{squeaky lean}

Beat the competition. Be a slave to your development team.

In a company that has managers responsible for the success of a product, and developers who produce that product, the company's hierarchy normally places the managers 'above' the developers.

'Above' implies that it is the managers who request things of the development team, and the development team who respond on demand. Not the other way around.

And that, in the main, is how things are.

Thing is, it is this situation that damages the quality of a product and reduces the speed at which it gets to market. 

To fix this, once a manager has handed a project over to the development team, he or she should be answerable to that team, on demand, until the completion of the project. They should expect to be interrogated as and when the team require answers, and should be quick with decisions as and when the team need direction.

Why? Well, a few reasons, but the one I want to talk about here is context switching.

What is Context Switching?
Imagine your mother has asked you to bake a chocolate cake for a party this evening. You've not baked a cake before, but you're pretty excited about it.

  1. You get started, and soon realise you don't know which type of flour to use. You call your mother. She's playing poker and says she'll call back in an hour.
  2. You mow the lawn in the meantime. CONTEXT SWITCH No 1
  3. An hour later, your mother calls and tells you about the flour. Great, back to the cake. CONTEXT SWITCH No 2
  4. You spend 15 minutes going back over what you'd done so far to get yourself back up to speed. Baking and gardening require different mindsets after all.
  5. 15 minutes later you're wondering if it's ok just to use the chocolate egg you got for Easter.
  6. You call your mother again.
  7. She's spending her poker winnings on a spa treatment and can't be disturbed for the afternoon.
  8. You sigh, and decide to go and varnish the garden fence. Not as pressing a task as the cake, but it needs doing, so why not. CONTEXT SWITCH No 3
  9. At about 5pm your mother calls back.
  10. She says you need to get special cooking chocolate.
  11. You violently smash up the Easter chocolate with a rolling-pin. CONTEXT SWITCH No 4
  12. You trudge to the shop and come back with the chocolate. CONTEXT SWITCH No 5
  13. You read the recipe and retrace your steps for a third time. CONTEXT SWITCH No 6
  14. Your excitement about the whole cake thing has diminished substantially and suddenly you're not interested in how it will taste anymore, just about getting it done.
  15. Later that evening as people eat dry chocolate cake, your mother tells you you shouldn't have cooked it so long.
  16. You love your mother, but you spike her coffee with laxatives all the same. CONTEXT SWITCH No 7

What went wrong?

The cake went off track because when you needed more information, your mother wasn't available to provide it, so you had to stop working on it.

Your only choice was to switch to a different task and a different context.

Different contexts require different mindsets, knowledge and skill sets. Putting one set away, taking out another and getting the hang of it again can be exhausting and confusing if you have to keep doing it.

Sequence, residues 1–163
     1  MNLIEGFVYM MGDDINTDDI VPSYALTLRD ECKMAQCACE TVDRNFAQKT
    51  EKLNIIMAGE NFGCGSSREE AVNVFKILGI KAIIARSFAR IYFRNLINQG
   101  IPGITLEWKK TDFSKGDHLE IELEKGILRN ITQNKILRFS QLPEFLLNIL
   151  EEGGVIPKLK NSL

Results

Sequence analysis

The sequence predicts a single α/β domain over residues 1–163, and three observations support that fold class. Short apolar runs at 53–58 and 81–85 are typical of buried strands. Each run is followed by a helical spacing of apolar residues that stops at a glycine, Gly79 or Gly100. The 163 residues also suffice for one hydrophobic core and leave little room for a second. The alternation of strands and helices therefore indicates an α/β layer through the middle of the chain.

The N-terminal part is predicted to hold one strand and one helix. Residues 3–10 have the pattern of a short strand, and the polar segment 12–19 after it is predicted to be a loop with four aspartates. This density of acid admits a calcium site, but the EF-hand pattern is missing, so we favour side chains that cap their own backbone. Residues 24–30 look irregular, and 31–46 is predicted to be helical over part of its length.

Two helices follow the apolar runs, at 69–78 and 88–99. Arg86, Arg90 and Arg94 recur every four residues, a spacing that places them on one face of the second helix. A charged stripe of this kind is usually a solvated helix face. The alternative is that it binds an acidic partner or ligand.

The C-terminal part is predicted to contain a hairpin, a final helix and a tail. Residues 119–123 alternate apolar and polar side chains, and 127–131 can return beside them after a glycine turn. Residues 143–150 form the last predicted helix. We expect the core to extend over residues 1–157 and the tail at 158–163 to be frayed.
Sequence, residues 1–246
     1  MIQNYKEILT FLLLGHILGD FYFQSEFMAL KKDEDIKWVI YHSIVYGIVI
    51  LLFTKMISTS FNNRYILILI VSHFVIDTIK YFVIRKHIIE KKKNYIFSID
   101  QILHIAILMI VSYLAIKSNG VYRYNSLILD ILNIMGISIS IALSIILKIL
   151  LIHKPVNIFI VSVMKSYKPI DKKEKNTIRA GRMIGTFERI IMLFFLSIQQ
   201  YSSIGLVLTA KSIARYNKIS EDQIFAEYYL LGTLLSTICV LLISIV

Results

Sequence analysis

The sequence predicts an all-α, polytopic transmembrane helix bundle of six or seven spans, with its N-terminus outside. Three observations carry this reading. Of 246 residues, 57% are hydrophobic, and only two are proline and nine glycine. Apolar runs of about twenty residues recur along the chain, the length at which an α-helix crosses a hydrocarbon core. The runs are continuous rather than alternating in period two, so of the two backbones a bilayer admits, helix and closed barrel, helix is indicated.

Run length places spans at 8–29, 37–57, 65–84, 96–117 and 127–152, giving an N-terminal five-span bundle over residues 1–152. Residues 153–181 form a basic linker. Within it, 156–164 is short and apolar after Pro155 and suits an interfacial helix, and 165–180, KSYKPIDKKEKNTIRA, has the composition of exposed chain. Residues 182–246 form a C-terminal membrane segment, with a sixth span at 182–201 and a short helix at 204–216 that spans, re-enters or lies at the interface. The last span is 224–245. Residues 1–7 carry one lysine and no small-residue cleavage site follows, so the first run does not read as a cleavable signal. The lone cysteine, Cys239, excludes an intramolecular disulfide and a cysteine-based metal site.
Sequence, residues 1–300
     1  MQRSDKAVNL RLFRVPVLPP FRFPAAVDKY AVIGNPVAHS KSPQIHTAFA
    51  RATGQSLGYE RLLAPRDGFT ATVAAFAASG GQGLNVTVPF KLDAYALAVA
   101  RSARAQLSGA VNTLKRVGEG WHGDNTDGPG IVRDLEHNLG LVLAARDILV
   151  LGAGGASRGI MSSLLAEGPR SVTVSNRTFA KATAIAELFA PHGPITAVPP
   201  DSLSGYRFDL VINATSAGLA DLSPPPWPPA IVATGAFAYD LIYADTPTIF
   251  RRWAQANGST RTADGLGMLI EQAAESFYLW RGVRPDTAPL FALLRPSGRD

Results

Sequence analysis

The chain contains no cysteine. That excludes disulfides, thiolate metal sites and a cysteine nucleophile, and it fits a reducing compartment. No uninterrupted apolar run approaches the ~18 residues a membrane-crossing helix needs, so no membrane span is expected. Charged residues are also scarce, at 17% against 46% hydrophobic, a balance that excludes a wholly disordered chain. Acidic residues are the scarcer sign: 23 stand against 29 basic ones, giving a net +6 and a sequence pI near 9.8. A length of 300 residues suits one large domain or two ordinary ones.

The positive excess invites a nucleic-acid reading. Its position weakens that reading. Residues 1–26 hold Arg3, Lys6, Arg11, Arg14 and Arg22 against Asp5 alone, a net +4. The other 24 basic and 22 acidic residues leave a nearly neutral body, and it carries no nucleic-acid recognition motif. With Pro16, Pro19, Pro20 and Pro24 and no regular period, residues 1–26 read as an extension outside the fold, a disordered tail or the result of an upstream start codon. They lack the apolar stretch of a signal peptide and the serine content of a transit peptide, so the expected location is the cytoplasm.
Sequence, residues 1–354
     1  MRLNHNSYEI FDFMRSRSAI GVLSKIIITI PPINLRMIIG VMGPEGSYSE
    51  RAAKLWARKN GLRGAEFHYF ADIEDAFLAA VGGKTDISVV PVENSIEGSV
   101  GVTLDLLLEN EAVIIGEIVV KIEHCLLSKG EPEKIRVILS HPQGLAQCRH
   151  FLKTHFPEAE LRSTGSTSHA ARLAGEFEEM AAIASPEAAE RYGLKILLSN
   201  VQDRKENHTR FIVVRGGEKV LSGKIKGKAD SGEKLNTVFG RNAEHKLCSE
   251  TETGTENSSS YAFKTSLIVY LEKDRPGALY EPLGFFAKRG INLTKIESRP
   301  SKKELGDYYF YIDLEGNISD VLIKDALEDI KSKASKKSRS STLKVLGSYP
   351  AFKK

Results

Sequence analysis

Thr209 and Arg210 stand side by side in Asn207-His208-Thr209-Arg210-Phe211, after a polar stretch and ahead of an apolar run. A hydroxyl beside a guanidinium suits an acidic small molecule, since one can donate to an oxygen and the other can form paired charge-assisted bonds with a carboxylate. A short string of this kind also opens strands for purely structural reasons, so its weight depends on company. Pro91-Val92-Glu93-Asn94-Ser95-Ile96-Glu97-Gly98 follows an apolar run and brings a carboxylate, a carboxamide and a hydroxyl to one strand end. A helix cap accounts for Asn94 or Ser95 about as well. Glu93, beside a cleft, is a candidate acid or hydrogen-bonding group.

Context switching like this also makes it very difficult to keep tuned-in enough to spot mistakes, or to find those extra improvements that make a product great.

Is overall productivity effected?

Yes, because the context switching itself takes time. People don't move seamlessly from one to the other without losing momentum. Losing momentum by switching often can slow down projects drastically.

So what would have made the cake better?

Your mother answering your questions the moment you needed them answering. That way you could have just got on with it, keeping your momentum along with your excitement and pride in the quality of the cake.

Stop beating yourself up. The bad cake was her fault.

Anyway… back to business now please?

Yeah, sorry. Enough about cake.

As I've said, when 'management' hand the development team a project, they should then be answerable to the development team until the project is finished.

They need to be available to answer questions and to make decisions. Not at the next meeting, but as and when questions need answering and decisions need making.

But 'management' have things to do as well. Aren't you just passing the context switching problem to them?

Yep. And that's how it should be.

What?! Why?!

Because protecting those who produce your product from context switching, by swallowing it yourself, is what good managers do. It's what good management IS.

Good managers tell their team that they can call them or go see them when they need to. If you don't have time for these calls or visits then either:

  • Delegate this authority to someone who will, and forego the right to complain about the end product
  • Acknowledge that if the project isn't important enough for you to make the time, then the team shouldn't be working on it in the first place
  • Make time

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By Kevin Heery.


Hit objectives quicker through Validated Learning. Here's how.

Validated Learning is another key concept in Eric Reis' Lean Startup book. He talks about how startups can learn from what they've launched already, to influence what they build next.

For bigger companies, installing a validated learning approach is more complicated.

The problem is that a lot of them see Agile like this:

"Yeah, Agile! We do that. We hand the dev team a prioritised list of things to build, and they tell us how much they can get done in 4 weeks.

We draw straws. Whoever picks the short one, goes to see the developers once a day to discuss progress. They do this at a white board with cards and coloured pens. And no-one's allowed to sit down in case they can't get up again.